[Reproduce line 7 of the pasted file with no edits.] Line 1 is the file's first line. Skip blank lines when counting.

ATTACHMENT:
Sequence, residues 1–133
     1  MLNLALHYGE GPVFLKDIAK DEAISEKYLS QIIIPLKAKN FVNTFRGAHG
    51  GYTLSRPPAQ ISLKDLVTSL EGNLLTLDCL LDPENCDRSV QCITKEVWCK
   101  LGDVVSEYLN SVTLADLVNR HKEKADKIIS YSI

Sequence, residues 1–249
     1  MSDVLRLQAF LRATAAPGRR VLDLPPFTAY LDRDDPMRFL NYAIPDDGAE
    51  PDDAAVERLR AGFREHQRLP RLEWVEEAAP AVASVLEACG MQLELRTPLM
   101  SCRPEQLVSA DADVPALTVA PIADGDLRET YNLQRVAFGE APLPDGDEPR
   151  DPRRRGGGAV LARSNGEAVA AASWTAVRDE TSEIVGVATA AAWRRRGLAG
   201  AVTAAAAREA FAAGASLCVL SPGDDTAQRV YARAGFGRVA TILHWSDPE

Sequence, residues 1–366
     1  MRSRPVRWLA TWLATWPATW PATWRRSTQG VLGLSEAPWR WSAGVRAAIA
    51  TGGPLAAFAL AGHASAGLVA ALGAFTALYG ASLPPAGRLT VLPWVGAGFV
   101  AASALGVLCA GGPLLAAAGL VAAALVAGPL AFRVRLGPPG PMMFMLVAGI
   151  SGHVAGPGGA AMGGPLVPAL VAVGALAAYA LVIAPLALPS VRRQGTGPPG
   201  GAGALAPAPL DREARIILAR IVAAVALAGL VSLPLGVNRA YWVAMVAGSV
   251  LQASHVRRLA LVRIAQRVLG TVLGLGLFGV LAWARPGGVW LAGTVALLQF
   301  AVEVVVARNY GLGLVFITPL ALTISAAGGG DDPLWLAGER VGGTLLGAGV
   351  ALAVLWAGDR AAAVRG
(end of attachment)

    51  PDDAAVERLR AGFREHQRLP RLEWVEEAAP AVASVLEACG MQLELRTPLM